The report regrets, “The chaotic and conflicting state of regulations in India regarding authorisation of pesticides makes it extremely difficult to draw clear conclusions. However, 68% of the 34 pesticides found in the various samples appear not to be registered for use in cultivation of tea.”
Greenpeace’s specific examples include:
· Monocrotophos, a suspected mutagen and neurotoxicant, found in 27 samples across tea brands made by various companies including Tata, Hindustan Unilever, Kho Cha, Royal Girnar, Goodricke, Wagh Bakri and Golden Tips. This pesticide is not approved for use on tea and is classified as Highly Hazardous (Class Ib) by the World Health Organisation.
· Triazophos, another unapproved toxic pesticide, was found in five samples (in tea brands made by Tata, Hindustan Unilever, and Wagh Bakri). This pesticide is also classified as Highly Hazardous (Class Ib) by the World Health Organization (WHO).
· Tebufenpyrad, which is not registered in India, and therefore illegal, was found in one sample manufactured by Hindustan Unilever. Tebufenpyrad is a potential liver toxicant at high concentrations.
· DDT: The results also showed the presence of the pesticide DDT, banned for use in agriculture in India since 1989, as well as a significant number of pesticides classified as Moderately Hazardous according to WHO. These included Cypermethrin, classified as a respiratory irritant, and the neonicotinoid insecticide Imidacloprid has shown the potential to cause reproductive or developmental impacts in animals. All three of these pesticides were found in 60% or more of the samples.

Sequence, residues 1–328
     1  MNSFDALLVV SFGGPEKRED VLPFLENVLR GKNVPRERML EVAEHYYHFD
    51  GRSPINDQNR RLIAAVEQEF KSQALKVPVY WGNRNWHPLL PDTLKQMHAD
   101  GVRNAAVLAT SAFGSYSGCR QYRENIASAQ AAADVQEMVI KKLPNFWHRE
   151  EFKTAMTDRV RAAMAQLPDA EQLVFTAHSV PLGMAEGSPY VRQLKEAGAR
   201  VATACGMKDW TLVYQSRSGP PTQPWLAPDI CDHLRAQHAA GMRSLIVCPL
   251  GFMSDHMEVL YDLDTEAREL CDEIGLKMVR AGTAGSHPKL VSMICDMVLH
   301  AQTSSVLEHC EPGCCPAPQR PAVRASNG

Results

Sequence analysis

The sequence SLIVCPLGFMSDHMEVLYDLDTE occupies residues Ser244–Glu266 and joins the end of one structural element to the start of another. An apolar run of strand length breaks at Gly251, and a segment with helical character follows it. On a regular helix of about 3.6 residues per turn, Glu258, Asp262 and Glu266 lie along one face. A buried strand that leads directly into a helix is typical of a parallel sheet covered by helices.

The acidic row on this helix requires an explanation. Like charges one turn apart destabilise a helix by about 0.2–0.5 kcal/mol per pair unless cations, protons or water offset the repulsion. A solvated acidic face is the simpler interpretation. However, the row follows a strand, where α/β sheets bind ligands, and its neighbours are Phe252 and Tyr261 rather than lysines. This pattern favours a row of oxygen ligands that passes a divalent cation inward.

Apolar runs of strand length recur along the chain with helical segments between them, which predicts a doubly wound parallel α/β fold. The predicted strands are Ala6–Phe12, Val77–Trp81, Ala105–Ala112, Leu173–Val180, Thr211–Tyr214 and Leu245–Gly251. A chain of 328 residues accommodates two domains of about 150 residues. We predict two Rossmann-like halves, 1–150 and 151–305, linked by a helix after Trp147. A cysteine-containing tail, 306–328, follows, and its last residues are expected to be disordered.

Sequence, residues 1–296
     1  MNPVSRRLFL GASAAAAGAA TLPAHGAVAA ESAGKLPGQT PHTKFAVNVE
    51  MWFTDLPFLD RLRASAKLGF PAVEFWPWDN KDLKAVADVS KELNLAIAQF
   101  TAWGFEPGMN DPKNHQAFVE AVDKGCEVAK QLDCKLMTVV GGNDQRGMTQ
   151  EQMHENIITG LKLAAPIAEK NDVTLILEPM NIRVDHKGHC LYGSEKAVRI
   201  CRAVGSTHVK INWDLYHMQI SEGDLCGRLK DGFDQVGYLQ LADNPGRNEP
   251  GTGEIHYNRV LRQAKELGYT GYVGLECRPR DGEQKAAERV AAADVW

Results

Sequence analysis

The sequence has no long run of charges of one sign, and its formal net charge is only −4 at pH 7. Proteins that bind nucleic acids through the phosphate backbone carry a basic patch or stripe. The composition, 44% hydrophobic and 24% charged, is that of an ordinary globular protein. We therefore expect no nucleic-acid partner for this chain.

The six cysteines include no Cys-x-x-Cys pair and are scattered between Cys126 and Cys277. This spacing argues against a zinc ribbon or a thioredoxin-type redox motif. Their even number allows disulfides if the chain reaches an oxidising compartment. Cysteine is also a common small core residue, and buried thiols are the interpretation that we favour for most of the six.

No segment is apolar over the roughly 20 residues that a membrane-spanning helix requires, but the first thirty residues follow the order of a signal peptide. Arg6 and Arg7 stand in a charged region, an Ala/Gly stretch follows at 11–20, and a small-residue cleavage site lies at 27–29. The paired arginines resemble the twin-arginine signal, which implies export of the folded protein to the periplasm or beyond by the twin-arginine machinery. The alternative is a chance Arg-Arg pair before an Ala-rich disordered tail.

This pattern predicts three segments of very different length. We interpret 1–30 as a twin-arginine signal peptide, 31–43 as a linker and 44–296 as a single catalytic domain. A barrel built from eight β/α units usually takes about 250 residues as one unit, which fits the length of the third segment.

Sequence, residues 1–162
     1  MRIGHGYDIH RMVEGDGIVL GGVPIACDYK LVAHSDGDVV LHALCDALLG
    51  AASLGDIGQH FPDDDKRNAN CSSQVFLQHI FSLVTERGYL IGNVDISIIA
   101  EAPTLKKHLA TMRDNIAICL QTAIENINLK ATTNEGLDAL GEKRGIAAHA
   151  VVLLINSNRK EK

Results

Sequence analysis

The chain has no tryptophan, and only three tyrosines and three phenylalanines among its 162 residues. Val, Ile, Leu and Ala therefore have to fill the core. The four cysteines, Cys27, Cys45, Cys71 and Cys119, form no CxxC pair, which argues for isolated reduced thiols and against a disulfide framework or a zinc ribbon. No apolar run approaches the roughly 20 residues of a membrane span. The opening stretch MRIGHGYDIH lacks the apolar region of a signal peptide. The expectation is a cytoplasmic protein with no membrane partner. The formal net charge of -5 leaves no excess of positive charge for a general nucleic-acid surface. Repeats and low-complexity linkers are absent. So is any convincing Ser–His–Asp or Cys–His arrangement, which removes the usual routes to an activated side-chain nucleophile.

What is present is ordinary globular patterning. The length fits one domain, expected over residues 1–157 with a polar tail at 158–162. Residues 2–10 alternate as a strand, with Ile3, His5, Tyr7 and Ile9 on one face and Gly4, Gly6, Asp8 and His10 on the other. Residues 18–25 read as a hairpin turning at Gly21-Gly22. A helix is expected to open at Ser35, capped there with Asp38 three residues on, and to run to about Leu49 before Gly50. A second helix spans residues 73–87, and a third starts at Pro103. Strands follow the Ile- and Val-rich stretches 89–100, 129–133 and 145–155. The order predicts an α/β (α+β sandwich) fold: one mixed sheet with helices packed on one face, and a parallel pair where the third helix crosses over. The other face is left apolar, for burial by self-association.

· Neonicotinoid insecticides were present in a large proportion of samples (for example, Thiacloprid at 67.3% and Thiamethoxam at 78%), which may indicate that these relatively new entrants to the agrochemical market are becoming insecticides of choice in tea cultivation, and that tea production is still firmly stuck on the industrial pesticide treadmill.
Greenpeace says, “The results indicate that the cultivation of tea in India continues to depend on a large number of chemicals with proven adverse effects on the environment and human health. Companies purchasing and selling tea in India and other key stakeholders in the industry need to act urgently to ensure the protection of the environment and of human health. Such changes will require strong supportive policies to ensure the tea sector as a whole, including small tea growers, can shift rapidly away from the use of these chemical pesticides and thereby avoid the associated hazards.”
It adds, “The tea sector needs to become aware of ecological agriculture systems which already exist and to apply the same principles in tea cultivation. Ecological agriculture techniques could prove to be both a sound business choice for the tea sector as well as a global market leadership opportunity for any given tea brand. The tea industry needs to take responsibility for existing problems to make a commitment to their consumers that they can trust that tea production will not contaminate the environment or expose consumers to hazardous pesticide residues, from crop to cup.”